As the COVID-19 outbreak began to unfold earlier this year, Gladstone scientists felt they had no choice but to address the emerging crisis.
Gladstone already had a strong history of working with viruses. The Gladstone Institute of Virology and Immunology was launched in 1991 as an urgent response to the HIV crisis. Its scientists were critical in helping turn HIV from a death sentence to a chronic illness. Over the last decade, they’ve turned their focus to Ebola and Zika as those outbreaks emerged.
But as Gladstone scientists moved to study SARS-CoV-2, the virus that causes COVID-19, the issue of funding arose. Much of biomedical research is funded by federal entities, such as the National Institutes of Health (NIH), and private funding organizations, both of which make narrowly focused investments in discrete projects. While these groups provide valuable support, securing this funding can be a long process and come with significant restrictions.
In order to receive federal funding, researchers have to write and apply for specific grants, outlining their projects in great detail so they can be reviewed and ranked by other scientists. The process of writing, submitting, and reviewing grants can take many months.
All these constraints can make it difficult for scientists to change course, address new problems as they arise, or take risks, all of which are necessary in a rapidly evolving pandemic situation.
Risk-taking is an important part of Gladstone’s culture and supported at the institutional level. A pretty unique feature in the science world, Gladstone labs are allocated every year a certain amount of discretionary funds to chase after their big ideas or search for answers to emerging public health crises, like COVID-19. However, this funding only goes so far.
“You pivot your work because of necessity and ability,” says Melanie Ott, MD, PhD, director of the Gladstone Institute of Virology. “You put every important dollar you have to good use, but it can only take you so far if you don’t have access to unrestricted funds. This is where philanthropy can make a huge difference in this disease.”
Ott says that the NIH and other governmental sources of funding are working hard to change their systems and allocate funds as quickly as possible. But applying for grants can still take months of work and delay. That’s where private philanthropy can make an impact. Private philanthropic funders can move much more quickly and make gifts that are much less restricted, exactly the sort of capital that is necessary at this time.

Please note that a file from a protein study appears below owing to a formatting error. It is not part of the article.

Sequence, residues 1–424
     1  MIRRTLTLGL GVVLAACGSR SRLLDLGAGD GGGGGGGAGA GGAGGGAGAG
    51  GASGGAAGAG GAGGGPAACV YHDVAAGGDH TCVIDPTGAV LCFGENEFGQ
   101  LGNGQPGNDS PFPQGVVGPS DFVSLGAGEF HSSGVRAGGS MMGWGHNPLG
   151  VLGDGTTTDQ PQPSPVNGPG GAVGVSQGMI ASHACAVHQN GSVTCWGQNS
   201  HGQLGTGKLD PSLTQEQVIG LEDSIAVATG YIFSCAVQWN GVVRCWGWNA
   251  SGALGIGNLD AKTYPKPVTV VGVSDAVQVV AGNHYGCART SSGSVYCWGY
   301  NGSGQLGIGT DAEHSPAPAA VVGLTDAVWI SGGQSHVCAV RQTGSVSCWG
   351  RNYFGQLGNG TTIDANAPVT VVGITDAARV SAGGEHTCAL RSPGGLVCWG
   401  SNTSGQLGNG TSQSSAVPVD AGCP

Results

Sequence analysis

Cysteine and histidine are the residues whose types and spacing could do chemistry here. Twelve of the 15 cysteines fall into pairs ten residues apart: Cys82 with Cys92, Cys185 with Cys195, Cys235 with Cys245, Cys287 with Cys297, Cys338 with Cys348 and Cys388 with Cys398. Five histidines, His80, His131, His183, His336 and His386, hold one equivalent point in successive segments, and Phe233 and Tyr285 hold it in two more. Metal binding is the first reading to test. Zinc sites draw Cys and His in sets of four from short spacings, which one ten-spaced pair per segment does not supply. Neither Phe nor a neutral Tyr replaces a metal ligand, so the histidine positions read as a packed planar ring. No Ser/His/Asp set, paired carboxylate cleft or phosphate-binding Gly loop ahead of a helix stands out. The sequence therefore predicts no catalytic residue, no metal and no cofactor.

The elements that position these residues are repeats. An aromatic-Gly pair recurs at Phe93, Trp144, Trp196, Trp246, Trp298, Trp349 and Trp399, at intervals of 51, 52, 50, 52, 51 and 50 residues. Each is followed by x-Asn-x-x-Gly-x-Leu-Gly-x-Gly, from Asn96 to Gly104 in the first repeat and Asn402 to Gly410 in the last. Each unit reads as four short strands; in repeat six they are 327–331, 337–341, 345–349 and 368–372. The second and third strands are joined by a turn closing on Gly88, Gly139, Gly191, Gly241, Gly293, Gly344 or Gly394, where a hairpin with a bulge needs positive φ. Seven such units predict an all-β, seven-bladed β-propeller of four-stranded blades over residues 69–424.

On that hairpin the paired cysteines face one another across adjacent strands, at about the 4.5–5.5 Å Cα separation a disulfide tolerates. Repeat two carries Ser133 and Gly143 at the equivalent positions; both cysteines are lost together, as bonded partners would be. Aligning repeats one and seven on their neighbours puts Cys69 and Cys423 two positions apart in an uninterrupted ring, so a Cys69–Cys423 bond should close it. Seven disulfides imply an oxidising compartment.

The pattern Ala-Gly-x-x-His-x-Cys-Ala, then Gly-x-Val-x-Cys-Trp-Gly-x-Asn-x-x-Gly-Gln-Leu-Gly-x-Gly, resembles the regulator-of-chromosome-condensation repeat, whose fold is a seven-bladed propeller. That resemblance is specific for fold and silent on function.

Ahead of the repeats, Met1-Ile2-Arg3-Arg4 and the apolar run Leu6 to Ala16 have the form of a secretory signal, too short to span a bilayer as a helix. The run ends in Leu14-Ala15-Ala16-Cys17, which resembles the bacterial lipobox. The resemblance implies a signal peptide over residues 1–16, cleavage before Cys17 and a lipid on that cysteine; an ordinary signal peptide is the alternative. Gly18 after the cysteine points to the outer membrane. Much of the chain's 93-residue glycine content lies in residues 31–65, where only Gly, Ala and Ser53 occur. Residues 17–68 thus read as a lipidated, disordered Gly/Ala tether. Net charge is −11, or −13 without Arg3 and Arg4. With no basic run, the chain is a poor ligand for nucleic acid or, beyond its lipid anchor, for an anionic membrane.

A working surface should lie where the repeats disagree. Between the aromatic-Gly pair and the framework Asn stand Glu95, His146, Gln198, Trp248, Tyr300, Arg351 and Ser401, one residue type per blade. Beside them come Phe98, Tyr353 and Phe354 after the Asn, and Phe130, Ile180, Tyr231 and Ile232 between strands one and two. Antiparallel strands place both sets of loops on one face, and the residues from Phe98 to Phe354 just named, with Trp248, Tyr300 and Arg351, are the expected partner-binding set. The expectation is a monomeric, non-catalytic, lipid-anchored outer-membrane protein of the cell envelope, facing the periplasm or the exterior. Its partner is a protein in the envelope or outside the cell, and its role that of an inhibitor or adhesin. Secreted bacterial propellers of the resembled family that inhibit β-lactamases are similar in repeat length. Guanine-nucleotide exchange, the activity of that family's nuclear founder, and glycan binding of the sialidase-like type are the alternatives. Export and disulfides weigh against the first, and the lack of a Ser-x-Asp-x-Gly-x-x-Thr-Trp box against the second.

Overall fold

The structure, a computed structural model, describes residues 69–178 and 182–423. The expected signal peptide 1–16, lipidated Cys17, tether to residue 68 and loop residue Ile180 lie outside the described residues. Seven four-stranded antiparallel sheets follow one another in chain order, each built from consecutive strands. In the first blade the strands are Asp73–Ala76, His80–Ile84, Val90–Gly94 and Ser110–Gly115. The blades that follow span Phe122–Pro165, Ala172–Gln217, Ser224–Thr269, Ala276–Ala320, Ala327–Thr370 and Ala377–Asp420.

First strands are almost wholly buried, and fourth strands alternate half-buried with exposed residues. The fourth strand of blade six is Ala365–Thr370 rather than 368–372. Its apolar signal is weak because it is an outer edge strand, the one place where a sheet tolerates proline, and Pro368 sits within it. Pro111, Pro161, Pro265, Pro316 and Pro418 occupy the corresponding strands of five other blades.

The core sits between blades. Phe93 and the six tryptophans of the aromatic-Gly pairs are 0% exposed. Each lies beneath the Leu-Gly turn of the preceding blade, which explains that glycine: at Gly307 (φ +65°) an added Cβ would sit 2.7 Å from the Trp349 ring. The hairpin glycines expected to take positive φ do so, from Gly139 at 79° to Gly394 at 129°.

And at Gladstone, philanthropy is stepping in to support critical research.
In order to work directly with the live coronavirus, scientists need a highly secure and safe lab. Atlantic Philanthropies is providing funding to create a new biosafety level 3 lab dedicated to COVID-19 research at Gladstone and upgrading an existing one, which will create a hub of research not just for Gladstone scientists but for scientists throughout the Bay Area.
A number of donors are supporting the President’s Coronavirus Research Fund, a fund that catalyzes critical COVID-19 related experiments, allowing researchers to pivot their existing projects and seize promising research opportunities as they arise. For organizations like the Roddenberry Foundation, supporting COVID-19 research aligns perfectly with their own missions.
But it’s not just monetary support that’s being donated. Amazon is providing credits to Amazon Web Services to help with cloud computing, as the increase of data is becoming a limiting factor in all areas of science. They are also offering the time and expertise of machine learning and artificial intelligence professionals. Bain Consulting, an organization dedicated to solving industry-defining challenges, is donating pro-bono expertise to accelerate some of Gladstone’s most promising diagnostic projects.
“We could not be more grateful for the donors who have stepped in and offered their time and funding,” says Ott. “This will go a long way to not just stop COVID-19 but to prevent future pandemics.”